2017 Stepping Out Philadelphia PA (Delaware Valley Chapter)

Mom holding Jeni- thank you for making this possible!!
Mom holding Jeni- thank you for making this possible!!

Bernie's Yellow Roses

Thank you for joining Bernie's Yellow Roses!

As you may already know, Bernadette Cunningham was my mom, my hero, my best friend. She passed away in 2010 at age 60 after a very long painful battle with this terrible disease. She was always strong and positive through it all. We walk in rememberance of her, of the people who have lost their lives or cherished family members to this disease, and for those currently suffering with this disease- to give them hope for a cure!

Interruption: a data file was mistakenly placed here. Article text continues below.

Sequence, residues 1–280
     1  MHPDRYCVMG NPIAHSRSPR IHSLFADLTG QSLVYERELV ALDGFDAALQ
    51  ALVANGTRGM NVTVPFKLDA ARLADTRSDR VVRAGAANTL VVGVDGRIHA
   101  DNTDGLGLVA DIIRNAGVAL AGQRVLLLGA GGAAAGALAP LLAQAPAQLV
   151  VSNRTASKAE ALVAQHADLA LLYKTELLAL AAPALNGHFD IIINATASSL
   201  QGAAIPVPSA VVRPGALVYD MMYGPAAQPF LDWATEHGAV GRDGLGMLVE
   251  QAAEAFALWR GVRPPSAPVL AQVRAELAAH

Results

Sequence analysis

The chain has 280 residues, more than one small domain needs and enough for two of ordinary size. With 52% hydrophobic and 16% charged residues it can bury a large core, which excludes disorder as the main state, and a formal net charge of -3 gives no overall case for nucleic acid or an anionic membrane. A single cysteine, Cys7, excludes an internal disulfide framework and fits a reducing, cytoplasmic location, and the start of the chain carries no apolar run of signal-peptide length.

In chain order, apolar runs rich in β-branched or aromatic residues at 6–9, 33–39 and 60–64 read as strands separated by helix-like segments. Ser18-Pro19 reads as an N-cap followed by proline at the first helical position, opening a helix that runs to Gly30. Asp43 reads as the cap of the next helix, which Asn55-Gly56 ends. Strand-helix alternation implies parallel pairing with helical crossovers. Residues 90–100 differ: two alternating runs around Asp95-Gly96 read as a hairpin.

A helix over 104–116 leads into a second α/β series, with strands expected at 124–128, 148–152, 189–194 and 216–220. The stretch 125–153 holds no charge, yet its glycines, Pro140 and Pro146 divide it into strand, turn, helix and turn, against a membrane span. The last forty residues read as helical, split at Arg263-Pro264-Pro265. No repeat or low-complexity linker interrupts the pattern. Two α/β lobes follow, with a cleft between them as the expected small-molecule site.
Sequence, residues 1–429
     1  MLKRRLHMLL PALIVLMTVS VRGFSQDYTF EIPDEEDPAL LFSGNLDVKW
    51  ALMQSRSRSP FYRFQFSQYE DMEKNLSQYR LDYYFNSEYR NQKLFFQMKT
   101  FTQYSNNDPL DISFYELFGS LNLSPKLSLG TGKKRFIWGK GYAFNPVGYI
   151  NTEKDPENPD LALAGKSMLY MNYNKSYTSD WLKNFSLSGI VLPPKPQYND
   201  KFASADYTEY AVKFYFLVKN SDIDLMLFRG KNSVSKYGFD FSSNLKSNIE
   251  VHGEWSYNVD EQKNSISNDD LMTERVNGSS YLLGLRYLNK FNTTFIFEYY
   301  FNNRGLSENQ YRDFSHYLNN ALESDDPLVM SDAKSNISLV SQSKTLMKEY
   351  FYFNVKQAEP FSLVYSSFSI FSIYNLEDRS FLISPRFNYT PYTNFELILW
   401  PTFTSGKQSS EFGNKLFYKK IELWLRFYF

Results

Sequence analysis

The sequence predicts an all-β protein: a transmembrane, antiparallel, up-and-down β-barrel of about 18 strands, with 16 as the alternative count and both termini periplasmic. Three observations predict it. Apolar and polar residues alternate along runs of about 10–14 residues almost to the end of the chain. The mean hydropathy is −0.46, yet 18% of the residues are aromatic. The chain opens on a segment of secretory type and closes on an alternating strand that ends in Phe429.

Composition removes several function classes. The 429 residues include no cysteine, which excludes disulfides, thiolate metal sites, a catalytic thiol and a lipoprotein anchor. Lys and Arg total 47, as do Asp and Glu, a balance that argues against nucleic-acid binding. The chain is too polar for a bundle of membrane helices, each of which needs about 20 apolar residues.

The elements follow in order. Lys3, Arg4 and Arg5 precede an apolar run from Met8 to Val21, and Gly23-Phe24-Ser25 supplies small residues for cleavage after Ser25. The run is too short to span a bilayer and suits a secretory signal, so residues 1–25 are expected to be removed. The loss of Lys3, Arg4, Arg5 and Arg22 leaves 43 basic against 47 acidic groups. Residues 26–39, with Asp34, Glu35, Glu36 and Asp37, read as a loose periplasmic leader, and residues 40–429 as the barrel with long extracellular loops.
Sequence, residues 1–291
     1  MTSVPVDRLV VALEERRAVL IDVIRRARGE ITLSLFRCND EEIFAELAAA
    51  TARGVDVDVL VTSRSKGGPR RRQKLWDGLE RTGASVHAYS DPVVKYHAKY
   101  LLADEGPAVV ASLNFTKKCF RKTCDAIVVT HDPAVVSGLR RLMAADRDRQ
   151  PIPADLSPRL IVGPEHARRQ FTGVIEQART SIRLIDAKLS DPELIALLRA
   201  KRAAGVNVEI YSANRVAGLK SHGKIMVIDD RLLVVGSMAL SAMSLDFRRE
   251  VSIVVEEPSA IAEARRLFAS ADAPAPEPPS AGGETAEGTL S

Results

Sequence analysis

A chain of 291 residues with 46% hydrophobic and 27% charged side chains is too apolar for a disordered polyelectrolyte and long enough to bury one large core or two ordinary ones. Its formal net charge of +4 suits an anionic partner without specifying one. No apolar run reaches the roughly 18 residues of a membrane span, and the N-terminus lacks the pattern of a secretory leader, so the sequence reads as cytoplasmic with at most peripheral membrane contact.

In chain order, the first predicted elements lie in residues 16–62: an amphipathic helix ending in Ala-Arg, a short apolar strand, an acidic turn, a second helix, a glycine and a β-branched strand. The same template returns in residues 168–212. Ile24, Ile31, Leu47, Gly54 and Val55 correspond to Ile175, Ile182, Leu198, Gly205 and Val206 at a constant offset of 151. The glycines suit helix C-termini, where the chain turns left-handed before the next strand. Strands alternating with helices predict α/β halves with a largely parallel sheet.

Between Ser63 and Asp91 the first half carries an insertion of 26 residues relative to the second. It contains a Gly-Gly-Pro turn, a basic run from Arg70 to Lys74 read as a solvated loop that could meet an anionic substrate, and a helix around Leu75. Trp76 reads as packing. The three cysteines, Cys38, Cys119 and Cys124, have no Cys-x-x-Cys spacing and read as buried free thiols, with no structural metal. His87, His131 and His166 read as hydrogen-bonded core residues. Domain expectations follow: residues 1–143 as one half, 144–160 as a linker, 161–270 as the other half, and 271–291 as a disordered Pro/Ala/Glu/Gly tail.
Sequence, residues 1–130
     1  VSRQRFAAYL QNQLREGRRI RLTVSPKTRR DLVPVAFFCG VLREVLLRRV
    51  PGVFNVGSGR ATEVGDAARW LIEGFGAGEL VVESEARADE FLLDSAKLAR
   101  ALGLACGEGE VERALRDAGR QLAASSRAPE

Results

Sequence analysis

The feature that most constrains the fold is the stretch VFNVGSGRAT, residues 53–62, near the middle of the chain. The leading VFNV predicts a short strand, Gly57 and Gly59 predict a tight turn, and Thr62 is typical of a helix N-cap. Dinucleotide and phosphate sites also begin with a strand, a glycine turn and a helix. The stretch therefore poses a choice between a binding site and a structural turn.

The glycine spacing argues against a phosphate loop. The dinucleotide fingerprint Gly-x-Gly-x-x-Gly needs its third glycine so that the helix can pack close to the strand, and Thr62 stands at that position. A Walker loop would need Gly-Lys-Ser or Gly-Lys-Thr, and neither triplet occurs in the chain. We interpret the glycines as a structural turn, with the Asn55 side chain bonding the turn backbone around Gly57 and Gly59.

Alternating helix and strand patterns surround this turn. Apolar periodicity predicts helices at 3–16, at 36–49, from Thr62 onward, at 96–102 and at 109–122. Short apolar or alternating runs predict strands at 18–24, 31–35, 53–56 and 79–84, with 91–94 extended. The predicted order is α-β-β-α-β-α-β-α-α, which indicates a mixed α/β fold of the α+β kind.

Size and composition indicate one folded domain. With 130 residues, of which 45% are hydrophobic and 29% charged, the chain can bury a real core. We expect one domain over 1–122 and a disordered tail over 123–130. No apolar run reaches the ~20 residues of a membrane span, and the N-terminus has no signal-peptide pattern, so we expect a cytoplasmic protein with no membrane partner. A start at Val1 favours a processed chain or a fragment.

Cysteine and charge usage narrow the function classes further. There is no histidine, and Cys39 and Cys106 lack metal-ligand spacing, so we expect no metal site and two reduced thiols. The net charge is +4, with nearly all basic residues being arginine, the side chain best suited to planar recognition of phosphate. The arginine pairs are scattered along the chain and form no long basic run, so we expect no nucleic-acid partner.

Your help last year was greatly appreciated. Your support is the reason that I have the memory of the smile on my Mom's face when my daughter Jeni was born. It's a moment I will never forget and I thank you for your generousity that helped provide for the research that led to the development of the medications that allowed her to be there that day. Please continue to support us in our dream to find a cause and cure for this disease! Please join us as we walk in her honor and/ or donate to our fundraising efforts to help other patients' daughters also have such a very special memory that you have allowed me to have. Thank you again for your support and hopefully this year will be our biggest fundraising year in my Mom's honor to hopefully find a cause and cure for this dreadful disease!